In this fourth archive story by Kristian Bertel, the photographer is visiting the Pahari Dhiraj in central Delhi, India.
Read the background story of this archive photo by the photographer.
Although Delhi is spread out, the areas of interest to travelers and street photographers are relatively easy to navigate in India. To the south, you can find the New Delhi train station. Near this station, acting as a sort of buffer zone between the old and the new cities, is Paharganj, jam-packed with cheap accommodation and a good place for street photography in India.
Although Delhi is spread out, the areas of interest to travelers and street photographers are relatively easy to navigate in India. To the south, you can find the New Delhi train station. Near this station, acting as a sort of buffer zone between the old and the new cities, is Paharganj, jam-packed with cheap accommodation and a good place for street photography in India.

Street photography in India

India makes it easy for a traveler to present impressive photos to those who stayed at home. Sights of all kinds and hardly a day without colorful festivals and street markets invite you to have the camera at every turn. And in addition a unique willingness of the Indian population in front of the camera, leaves hardly to be desired. What can make your street photography even better, the photographer has summarized here in some interesting points.

What defines street photography?

Street photography, a genre of photography that records everyday life in a public place. The very publicness of the setting enables the photographer to take candid pictures of strangers, often without their knowledge.

Know your camera in India
When the photographer is venturing to India to take photos, of course, the batteries are full and memory cards at hand. In addition, the photographer has preset aperture, exposure and ISO for likely scenarios. That is, he is thinking of what and where he will possibly be photographing and how the lighting conditions will be. The camera he wears by means of a camera strap on the hip and this has the advantages that it will not be seen right away and he has it ready to fire at lightning speed. Anyone who has ever been in not only in Pahari Dhiraj but all over India, knows how fast an interesting subject can appear in street photography. If you have prepared the camera and are still able to change settings as needed, your yield will be even better.

Take your time in India
This is the most important tip that the photographer can give. Nobody wants to be taken a photo of immediately and this leaves an uncomfortable feeling even for the photo-enthusiastic Indians, so be prepared for the situation. Sit down and watch, let the camera down first and arrive. You do not believe how many people you are watching without your noticing it. Whether in the commercial street, the park with the sights, the market or elsewhere, we stand out. It has often happened to the photographer that someone has approached him and asked if he would not like to take a picture of him. He would have seen that the photographer had been here for some time, taking pictures. In most cases, people lose interest in foreigners over time. Much of what is regarded, stylistically and subjectively, as definitive street photography was made in the era spanning the end of the nineteenth century through to the late 1970s, which was a photographic period which saw the emergence of portable cameras that enabled candid photography in public places and many years later the photographer of this website explains:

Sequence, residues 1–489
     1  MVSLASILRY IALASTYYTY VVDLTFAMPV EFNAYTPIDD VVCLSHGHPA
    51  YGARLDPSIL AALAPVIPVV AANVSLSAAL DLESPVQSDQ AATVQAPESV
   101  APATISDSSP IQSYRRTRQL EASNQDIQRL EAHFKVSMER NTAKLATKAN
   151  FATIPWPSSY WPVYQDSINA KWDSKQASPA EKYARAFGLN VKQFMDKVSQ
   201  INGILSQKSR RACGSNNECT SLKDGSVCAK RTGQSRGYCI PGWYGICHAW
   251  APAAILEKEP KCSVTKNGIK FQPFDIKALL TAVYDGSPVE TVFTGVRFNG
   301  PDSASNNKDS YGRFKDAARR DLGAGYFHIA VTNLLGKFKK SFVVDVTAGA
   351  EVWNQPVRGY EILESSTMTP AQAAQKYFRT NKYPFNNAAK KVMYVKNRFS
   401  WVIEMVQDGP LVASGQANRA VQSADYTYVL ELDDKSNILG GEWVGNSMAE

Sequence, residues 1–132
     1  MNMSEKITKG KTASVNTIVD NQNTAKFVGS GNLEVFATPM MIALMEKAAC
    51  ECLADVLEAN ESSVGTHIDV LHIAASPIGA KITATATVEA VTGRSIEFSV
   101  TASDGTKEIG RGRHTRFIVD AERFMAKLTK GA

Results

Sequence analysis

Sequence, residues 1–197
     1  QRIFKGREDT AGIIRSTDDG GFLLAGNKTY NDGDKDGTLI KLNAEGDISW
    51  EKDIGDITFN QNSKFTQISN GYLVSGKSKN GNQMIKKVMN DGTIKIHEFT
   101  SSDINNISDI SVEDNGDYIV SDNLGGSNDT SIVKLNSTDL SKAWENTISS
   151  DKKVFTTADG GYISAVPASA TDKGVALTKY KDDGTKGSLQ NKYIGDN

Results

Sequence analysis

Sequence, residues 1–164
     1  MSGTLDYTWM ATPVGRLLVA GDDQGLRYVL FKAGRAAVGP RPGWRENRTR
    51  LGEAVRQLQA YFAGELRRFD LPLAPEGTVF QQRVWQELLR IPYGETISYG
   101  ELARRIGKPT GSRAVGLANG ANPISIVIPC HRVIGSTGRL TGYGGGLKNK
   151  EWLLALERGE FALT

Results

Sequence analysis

"For me as a street photographer I try to create fine art photography, which is including street portraits by capturing people in public places, often with a focus on emotions displayed, thereby also recording people's history from an emotional point of view. Social documentary photographers document people and their behavior in public places for the purpose of recording people's history and other purposes"

Communicate when you are doing street photography
The least that one should do before triggering is to point nicely to the camera and ask for permission. It is much better to show interest in your motive. First, let the camera down, have a chat, ask what is being made or sold here, tell about yourself. Show people that you are interested in them, then the invitation to take pictures often comes by itself. Whether that was the audience with a sadhu, the invitation to a wedding, the photographing of street photography, all this did not come about because of his camera, but because he was intentionally interested. Once the first pictures have been taken, they will be displayed on your screen. If there is something to laugh about, the ice is finally broken.
If you fly to India, you generally want to take pictures. As many motives and opportunities as they are in India can be found in hardly any other country everything is new and different. The prohibited subjects include all military facilities, airports, railway stations and various areas of tribal princes. Pay attention to who is in the area it can be expected a variety of reactions that are not always pleasant.

The hilly neighborhood of Delhi
When the photographer ventured into the streets of Delhi, he came by the lively Pahari Dhiraj which is a neighborhood in Delhi with a lot of hills and it is situated in Paharganj, an area which literally means 'Hilly neighborhood' is a neighborhood of Central Delhi, located just west of the New Delhi Railway Station. Known as 'Shahganj' or 'King's Ganj' or market place during Mughal era, it is one of the three administrative subdivisions, of the Central Delhi district, of the National Capital Territory of Delhi, with the other two being, Darya Ganj and Karol Bagh. The area is known for its concentration of affordable hotels, lodges, restaurants, Dhabas and a wide variety of shops catering to both domestic travelers and foreign tourists, especially backpackers and low-budget travelers. Over the years it has become particularly popular as a haunt for international cuisine.